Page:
While yesterday's disappointing employment report reflects an economy struggling to create jobs during an extended, sub-par "jobless recovery," it's been a much rosier employment picture in one of America's most successful "shovel-ready" job-creating industries: Oil and Gas Extraction.
The chart above displays the monthly percentage changes in employment levels since January 2007 for oil and gas extraction jobs compared to total nonfarm payroll jobs. As of last month, total nonfarm payroll employment is 3.0%, and 4.1 million jobs, below the January 2007 level. In contrast, the explosion of new oil and gas jobs has increased employment in that industry by more than 38% since January 2007. Over the last 12 months, oil and gas companies have added 21,800 new workers, at a rate of almost 100 new hires every business day. And this just accounts for the new jobs created that involve the actual drilling, extraction and production of oil and gas.
A recent study found that for every one new job added in oil and gas extraction activities, there were three new additional jobs created elsewhere in the economy. The report also found that "the jobs-multiplier effect of U.S. oil and natural gas activity is higher than many other U.S. industries, including the financial, telecommunications, software and non-residential construction sectors. This is the result of the energy industry’s long supply chains and relatively high levels of spending by employees and suppliers." As a result of the multiplier effect, the U.S. economy has potentially been adding almost 400 new jobs per day over the last year due to increased oil and gas production.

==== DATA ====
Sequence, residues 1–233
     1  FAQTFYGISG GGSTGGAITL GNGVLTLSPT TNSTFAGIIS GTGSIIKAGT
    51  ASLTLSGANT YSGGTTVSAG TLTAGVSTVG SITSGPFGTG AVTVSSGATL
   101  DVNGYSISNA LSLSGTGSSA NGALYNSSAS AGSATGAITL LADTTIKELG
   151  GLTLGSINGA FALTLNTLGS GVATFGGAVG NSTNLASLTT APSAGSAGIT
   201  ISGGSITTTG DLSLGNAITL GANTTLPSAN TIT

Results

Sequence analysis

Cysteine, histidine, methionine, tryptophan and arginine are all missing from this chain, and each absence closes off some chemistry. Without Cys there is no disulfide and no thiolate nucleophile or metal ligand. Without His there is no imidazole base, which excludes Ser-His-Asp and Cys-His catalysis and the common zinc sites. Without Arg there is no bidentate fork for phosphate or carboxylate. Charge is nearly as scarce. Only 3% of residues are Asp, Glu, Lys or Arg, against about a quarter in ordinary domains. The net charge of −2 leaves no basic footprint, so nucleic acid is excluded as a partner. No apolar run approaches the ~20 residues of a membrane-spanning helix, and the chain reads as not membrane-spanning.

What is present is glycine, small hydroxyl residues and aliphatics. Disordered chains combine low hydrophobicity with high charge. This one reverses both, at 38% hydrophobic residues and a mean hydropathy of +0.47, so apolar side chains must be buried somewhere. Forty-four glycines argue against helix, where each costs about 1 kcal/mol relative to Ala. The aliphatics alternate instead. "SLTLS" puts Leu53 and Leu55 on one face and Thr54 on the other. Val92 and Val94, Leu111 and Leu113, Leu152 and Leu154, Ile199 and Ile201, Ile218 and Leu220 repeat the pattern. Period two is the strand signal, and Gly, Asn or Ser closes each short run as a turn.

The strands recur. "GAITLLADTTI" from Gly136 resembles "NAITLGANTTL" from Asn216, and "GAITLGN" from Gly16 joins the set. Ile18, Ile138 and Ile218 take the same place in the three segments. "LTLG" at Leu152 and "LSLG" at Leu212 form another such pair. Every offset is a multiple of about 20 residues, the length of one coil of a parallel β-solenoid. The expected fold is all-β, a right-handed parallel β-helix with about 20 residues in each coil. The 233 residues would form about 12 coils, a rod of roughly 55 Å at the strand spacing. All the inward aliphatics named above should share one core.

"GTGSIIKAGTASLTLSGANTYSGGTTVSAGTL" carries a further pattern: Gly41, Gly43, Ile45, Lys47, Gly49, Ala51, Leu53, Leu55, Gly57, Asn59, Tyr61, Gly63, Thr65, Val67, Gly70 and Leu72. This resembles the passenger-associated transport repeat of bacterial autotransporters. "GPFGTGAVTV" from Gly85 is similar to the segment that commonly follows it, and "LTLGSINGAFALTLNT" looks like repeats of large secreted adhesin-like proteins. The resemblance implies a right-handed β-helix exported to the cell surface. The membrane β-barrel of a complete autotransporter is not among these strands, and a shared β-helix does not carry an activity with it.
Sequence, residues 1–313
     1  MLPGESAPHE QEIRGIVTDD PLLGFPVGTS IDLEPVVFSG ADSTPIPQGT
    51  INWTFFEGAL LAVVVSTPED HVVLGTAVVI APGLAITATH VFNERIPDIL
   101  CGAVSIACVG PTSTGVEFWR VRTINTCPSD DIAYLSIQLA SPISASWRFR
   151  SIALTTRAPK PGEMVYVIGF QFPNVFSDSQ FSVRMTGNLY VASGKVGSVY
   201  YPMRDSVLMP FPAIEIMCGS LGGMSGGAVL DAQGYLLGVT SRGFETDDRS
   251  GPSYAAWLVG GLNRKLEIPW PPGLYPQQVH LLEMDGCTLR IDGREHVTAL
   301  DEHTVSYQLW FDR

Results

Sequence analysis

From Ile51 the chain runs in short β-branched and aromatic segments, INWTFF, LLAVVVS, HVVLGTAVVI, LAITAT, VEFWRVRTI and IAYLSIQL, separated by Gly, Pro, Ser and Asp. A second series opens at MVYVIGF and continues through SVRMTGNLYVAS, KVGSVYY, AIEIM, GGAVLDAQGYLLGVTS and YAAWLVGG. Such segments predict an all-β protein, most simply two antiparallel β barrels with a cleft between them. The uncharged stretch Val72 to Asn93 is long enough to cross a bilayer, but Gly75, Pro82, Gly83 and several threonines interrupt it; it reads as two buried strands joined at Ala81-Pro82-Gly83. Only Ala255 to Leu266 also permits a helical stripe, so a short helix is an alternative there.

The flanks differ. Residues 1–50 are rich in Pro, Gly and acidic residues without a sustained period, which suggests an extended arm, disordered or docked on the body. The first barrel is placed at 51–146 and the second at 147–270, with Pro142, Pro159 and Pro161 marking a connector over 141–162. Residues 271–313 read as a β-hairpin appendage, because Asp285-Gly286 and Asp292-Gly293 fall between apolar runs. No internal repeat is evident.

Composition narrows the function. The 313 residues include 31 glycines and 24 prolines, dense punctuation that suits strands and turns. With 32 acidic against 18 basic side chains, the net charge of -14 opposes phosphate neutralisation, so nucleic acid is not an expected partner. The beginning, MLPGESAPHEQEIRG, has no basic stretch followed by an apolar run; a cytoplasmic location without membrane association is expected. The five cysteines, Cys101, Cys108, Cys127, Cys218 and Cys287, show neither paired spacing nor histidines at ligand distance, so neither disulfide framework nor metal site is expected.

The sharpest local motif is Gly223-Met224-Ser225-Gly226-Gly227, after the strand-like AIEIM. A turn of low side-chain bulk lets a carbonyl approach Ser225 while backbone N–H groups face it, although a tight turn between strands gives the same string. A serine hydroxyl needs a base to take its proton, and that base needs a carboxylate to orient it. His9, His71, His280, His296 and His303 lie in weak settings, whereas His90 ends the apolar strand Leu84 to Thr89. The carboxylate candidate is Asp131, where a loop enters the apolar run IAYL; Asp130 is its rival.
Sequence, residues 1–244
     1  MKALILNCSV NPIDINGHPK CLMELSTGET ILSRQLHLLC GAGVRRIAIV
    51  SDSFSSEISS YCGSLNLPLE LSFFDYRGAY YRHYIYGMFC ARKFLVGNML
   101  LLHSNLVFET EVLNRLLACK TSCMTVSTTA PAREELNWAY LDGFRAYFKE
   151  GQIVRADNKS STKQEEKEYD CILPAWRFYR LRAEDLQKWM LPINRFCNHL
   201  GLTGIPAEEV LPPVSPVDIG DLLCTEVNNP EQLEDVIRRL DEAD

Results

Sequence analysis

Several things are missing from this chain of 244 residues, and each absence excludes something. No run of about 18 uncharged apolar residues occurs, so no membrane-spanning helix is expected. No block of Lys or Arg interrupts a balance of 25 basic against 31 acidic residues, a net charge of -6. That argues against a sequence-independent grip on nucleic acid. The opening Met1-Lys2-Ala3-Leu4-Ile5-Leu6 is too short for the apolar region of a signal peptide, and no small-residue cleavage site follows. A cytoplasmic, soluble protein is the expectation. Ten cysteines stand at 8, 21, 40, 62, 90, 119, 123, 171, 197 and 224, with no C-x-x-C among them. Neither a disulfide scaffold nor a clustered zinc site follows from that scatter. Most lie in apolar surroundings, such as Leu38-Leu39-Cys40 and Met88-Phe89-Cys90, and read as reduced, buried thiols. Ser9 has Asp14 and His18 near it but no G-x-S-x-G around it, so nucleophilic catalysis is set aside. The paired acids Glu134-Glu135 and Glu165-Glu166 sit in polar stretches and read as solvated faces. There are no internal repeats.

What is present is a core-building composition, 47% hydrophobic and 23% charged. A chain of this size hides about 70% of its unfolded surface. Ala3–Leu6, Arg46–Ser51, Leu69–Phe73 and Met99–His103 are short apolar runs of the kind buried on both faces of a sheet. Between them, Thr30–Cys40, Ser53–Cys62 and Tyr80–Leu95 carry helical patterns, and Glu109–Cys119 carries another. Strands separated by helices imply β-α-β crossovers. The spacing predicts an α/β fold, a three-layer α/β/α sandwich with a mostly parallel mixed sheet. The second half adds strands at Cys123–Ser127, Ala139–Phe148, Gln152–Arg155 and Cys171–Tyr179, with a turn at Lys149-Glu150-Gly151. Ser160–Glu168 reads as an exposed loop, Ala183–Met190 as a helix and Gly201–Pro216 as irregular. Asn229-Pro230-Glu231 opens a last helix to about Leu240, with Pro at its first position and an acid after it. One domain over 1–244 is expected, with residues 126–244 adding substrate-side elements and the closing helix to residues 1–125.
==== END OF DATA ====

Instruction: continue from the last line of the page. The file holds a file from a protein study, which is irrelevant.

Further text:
Imagine what the jobless rate might be today, and imagine all of the additional shovel-ready, energy-related jobs (direct and indirect jobs) that could have been created over the last several years in the oil and gas industry (and its supporting industries), if the Obama administration: a) hadn't been so unfriendly to the low-cost, job-creating, dependable fossil fuel industry (think Keystone XL pipeline for example) that doesn't require picking the pockets of the taxpayers; and b) instead been so over-friendly to the subsidy-dependent, high-cost, unreliable but politically-favored "green" energies. On the other hand, imagine what the jobless rate might be today if we hadn't had the tremendous "energy-stimulus" to the U.S. economy that has resulted over the last few years from increased oil and gas drilling due to technological advances of hydraulic fracturing and horizontal drilling, and taking place mostly on private land?